Walking into the Evergreen International Conference at the Joseph Smith Memorial Building, I felt butterflies in my stomach and took in my surroundings. It was my first time attending an event where the goal was to encourage participants to stop being gay and turn straight.And that was just the first fifteen minutes. According to Brother Bracken, his introduction to ex-homosexualist hospitality continued throughout the conference. Some even offered him business propositions and lodging help the moment they were introduced--that was something he seldom experienced in the homosexualist community. Brother Bracken writes:
“Is this your first conference?” The plump, balding middle-aged man I was sharing an elevator with, asked.
“Yeah, it is. Yours?” I responded, happy to make a friend that might be able to show me the ins and outs of the conference.
“Nope, I’ve been to tons. I love ‘em. So many cute guys here, kind of like you,” he said as he took a step closer to me and smirked.
“You smell good, would you like to feel good?” He asked me as we landed on the ninth floor for registration.
Exiting the elevator quickly, I practically ran into another pleasantly plump, balding middle-aged man. Sensing I was flustered, he asked me if I was OK.
“Yeah, I’m fine. I just had a very surreal experience. A guy totally came onto me in the elevator and I wasn’t exactly expecting that here,” I said offering my hand to my new friend, introducing myself.
“Well I can’t say that I blame him, you’re a cutie. What are you doing after the conference? I have my own place not far from here, would you like to come over for some fun?”
I was propositioned more times at a conference that was supposedly changing people straight than I ever have been at a Pride festival, gay bar or party. I had guys old enough to be my father putting their arms around me, bumping up against my leg and asking to take me home.The last one, a guy named Chad, who apparently was a doctor, was especially accommodating. “Look, I really just kind of want to see you naked," he said.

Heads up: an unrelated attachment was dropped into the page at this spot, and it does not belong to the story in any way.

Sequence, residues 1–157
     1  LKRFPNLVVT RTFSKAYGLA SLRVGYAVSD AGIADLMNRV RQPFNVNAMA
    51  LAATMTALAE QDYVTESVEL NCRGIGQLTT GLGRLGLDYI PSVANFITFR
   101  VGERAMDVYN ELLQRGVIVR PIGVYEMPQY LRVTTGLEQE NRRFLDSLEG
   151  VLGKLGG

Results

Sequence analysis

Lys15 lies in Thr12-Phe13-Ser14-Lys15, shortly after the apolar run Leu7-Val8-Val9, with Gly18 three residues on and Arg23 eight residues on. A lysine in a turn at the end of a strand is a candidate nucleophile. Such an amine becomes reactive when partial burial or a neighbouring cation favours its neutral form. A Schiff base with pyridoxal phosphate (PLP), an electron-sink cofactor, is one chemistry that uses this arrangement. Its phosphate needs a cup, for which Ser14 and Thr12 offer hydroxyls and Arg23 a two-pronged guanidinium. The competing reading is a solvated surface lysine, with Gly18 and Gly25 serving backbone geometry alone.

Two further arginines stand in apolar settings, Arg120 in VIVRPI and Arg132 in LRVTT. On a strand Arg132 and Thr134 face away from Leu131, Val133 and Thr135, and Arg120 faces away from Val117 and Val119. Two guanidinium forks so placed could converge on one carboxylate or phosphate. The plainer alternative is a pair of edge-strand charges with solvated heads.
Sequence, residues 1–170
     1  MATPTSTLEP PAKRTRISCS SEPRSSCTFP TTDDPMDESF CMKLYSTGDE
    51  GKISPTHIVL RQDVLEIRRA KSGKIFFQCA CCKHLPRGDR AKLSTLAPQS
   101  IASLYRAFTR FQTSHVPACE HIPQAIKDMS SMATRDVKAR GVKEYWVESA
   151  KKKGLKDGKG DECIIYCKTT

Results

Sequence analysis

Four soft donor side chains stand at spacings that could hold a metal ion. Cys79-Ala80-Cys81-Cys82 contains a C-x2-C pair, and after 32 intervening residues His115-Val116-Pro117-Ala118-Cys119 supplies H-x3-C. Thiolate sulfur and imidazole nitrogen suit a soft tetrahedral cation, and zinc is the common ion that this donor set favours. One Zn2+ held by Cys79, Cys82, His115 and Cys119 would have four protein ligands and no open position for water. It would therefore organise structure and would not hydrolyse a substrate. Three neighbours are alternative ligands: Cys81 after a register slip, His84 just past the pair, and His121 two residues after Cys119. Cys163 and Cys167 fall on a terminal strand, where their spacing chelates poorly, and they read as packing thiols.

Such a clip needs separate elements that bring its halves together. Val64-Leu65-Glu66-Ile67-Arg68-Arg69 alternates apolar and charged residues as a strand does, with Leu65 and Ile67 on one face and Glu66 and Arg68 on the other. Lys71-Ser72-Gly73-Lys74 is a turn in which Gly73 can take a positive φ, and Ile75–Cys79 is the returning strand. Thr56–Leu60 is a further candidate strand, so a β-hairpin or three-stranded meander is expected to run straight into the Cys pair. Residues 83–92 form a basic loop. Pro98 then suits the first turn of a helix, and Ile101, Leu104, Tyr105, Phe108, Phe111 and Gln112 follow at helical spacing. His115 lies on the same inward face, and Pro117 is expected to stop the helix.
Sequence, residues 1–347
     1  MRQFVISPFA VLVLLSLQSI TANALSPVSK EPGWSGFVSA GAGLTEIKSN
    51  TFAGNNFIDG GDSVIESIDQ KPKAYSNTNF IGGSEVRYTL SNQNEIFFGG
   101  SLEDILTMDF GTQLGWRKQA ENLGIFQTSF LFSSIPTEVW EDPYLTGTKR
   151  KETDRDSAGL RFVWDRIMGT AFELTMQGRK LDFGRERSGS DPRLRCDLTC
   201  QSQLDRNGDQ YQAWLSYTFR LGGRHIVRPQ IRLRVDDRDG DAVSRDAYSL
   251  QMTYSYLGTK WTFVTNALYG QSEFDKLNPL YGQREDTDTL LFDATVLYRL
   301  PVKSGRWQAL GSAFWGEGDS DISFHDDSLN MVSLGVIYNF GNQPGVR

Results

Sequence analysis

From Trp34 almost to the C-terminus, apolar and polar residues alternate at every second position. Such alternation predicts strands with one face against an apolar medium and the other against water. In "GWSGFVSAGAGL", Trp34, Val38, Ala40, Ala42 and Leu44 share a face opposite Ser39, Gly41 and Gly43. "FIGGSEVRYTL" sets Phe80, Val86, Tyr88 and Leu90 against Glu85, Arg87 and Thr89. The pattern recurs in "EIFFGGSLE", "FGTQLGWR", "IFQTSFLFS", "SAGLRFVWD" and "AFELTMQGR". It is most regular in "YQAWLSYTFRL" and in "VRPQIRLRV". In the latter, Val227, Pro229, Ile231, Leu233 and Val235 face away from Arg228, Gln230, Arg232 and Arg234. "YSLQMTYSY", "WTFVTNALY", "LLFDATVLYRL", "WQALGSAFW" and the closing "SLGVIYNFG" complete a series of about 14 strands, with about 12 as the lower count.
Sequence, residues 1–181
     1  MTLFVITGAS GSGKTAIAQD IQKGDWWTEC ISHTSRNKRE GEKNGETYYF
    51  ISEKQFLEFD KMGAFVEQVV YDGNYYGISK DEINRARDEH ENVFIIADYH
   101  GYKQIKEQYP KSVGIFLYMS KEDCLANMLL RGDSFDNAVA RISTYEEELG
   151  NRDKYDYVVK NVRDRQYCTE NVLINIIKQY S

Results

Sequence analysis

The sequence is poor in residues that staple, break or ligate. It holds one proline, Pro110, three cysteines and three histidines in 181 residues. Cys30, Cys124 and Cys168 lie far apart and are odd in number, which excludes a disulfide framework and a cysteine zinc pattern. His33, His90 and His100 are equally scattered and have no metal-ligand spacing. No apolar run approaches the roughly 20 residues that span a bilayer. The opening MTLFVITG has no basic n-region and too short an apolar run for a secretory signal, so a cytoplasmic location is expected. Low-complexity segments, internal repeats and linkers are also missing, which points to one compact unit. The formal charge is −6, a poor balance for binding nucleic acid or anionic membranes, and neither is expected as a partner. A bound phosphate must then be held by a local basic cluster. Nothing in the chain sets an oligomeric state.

Imagine that. A whole day full of kindness, and then a physical. You can't beat that.
Ex-Homosexualists are Also Humble
As I browsed Evergreen International's website, reading the biographies of some of their favorite speakers, I came across this entry about one of my favorite ex-homosexualists, John Paulk:
In 1987, John Paulk began his journey out of homosexuality in response to his new relationship with Jesus Christ. His quest led him to Exodus International where John was discipled and learned the root causes of his homosexual struggle. Over time, he healed from the wounds of his past and met and fell in love with Anne, who was also overcoming homosexuality. John and Anne married in 1992.There's something missing there. Did you catch it? Look it over again and then, I'll give you the answer.
Together, John and Anne have shared their remarkable stories of overcoming homosexuality to audiences world-wide and extensively in the national media. Both John and Anne have served on the Exodus board of directors and in 1998, John went on staff with Focus on the Family and founded the Love Won Out ministry and conference which toured the country speaking to audiences for 11 years.
Throughout their ministry, the Paulk’s have appeared on such programs as Oprah, ABC, NBC, and CBS News, and had their story printed in hundreds of magazines and newspapers like People, Time, and the cover of Newsweek magazine in 1998. John is the author of two books, including he and Anne’s testimony entitled, Love Won Out.
In 2003, John left full time ministry and moved back to his home in Portland, Oregon, where he is the owner and executive chef of Mezzaluna, his thriving catering company. John and Anne have recently celebrated their 18th wedding anniversary and are the parents of three incredible sons.
He left out all the good work he did witnessing to the un-Jesused who congregate in our nation's happiest bars. Here's an example of that work from a letter sent out by his ministry:
Mr. Paulk was in Washington for a job-related business meeting. While walking in the DuPont Circle neighborhood, he entered a business establishment to use the restroom and immediately realized that it was a gay bar.
Instead of leaving, Paulk used the bathroom and then sat down to engage another married man in conversation. He was confronted about 30 minutes later by gay activists who recognized him. As he attempted to leave the establishment, several photographs were taken.